High Coffee Consumption `Could Reduce Diabetes Risk'
HIGHER consumption of coffee could be linked with a lower risk of developing type-2 diabetes, research out today shows.
A study of more than 17,000 Dutch men and women aged 30-60 found that those who drank at least seven cups of coffee a day were 50% less likely to develop the condition than those who drank two cups or less.
But the authors noted that the possible negative effects of high caffeine consumption should be taken into account when deciding on whether to drink more coffee.
In a research letter published in this week's issue of The Lancet, the authors note that caffeine is known to reduce sensitivity to insulin, but other parts of coffee such as magnesium and chlorogenic acid could offer some benefits to health.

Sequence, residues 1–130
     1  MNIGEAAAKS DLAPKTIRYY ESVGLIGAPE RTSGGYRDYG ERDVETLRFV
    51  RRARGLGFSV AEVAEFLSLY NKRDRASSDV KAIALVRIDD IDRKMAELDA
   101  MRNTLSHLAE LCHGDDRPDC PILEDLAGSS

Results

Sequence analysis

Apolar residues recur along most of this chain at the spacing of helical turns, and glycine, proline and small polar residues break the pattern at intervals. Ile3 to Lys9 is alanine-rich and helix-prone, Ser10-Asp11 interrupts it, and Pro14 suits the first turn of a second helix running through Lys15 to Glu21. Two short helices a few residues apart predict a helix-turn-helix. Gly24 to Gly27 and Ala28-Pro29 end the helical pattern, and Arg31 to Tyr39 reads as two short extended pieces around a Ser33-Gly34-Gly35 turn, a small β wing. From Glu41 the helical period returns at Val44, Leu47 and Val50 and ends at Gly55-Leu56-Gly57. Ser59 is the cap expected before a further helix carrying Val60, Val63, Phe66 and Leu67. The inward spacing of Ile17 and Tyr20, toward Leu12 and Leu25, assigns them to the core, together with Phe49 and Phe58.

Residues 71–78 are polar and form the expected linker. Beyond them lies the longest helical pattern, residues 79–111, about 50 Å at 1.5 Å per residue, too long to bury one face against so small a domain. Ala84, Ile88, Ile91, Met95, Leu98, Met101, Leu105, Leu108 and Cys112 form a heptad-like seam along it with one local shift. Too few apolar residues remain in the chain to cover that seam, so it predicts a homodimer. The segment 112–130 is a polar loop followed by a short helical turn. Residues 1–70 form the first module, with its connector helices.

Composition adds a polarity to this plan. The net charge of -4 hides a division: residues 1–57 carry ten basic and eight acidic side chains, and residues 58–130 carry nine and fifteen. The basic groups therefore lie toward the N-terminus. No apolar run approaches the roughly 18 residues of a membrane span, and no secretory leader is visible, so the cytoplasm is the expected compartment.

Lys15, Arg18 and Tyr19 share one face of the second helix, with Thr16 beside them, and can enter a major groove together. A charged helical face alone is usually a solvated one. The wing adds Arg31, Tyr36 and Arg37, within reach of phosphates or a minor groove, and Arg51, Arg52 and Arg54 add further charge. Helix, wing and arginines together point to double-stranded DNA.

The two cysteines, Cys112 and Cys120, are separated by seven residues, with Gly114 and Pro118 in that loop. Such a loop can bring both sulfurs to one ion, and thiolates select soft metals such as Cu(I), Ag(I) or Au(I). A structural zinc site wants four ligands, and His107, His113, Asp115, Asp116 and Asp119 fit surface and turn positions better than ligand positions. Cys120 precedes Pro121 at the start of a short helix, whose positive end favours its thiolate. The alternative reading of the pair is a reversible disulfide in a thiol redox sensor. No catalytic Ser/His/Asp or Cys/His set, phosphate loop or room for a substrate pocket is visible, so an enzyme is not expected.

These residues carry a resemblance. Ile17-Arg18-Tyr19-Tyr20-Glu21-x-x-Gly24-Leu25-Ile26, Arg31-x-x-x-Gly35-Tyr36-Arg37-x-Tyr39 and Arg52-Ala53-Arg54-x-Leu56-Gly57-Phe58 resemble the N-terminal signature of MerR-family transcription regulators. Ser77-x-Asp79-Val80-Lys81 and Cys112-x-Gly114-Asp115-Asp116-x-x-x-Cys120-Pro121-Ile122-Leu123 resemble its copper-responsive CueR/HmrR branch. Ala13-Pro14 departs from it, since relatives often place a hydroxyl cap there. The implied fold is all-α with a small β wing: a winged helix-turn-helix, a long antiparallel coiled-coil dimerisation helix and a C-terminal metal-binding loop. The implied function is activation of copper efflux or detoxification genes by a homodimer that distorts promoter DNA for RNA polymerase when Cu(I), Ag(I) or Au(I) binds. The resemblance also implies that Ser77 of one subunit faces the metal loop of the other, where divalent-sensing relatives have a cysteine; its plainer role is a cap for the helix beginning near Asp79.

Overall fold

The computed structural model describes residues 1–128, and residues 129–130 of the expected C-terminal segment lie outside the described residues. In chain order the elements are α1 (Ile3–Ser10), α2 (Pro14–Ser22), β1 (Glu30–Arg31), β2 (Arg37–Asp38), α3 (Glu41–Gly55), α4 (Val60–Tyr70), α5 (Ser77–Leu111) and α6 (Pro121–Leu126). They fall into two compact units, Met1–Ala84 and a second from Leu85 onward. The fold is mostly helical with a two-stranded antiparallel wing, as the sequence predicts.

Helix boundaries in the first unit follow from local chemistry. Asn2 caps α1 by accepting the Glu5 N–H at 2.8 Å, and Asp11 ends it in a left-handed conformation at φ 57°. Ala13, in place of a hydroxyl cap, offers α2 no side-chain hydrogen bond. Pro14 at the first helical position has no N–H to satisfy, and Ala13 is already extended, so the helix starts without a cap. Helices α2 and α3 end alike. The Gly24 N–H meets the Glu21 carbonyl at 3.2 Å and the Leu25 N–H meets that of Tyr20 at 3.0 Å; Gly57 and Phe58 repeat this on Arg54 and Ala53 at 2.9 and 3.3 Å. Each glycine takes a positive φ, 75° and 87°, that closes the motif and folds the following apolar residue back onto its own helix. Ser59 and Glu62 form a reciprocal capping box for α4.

Rob van Dam and a team at the Dutch National Institute for Public Health and the Environment in Bilthoven looked at the effect of different degrees of coffee intake on the development of type-2 diabetes.
The participants were randomly chosen from the Doetinchem and Maastricht regions.
The researchers first looked at the Doetinchem participants between 1987 and 1991, gathering follow-up information between 1993 and 2000.
The Maastricht group were studied between 1987 and 1997, with follow-up information gathered in 1998.
The participants drank an average of 5.2 cups of coffee a day.
The researchers noted that higher coffee consumption was most associated with men as well as ``low education level, a higher body-mass index, cigarette smoking, alcohol use, less leisure time physical activity, and a generally less favourable diet. …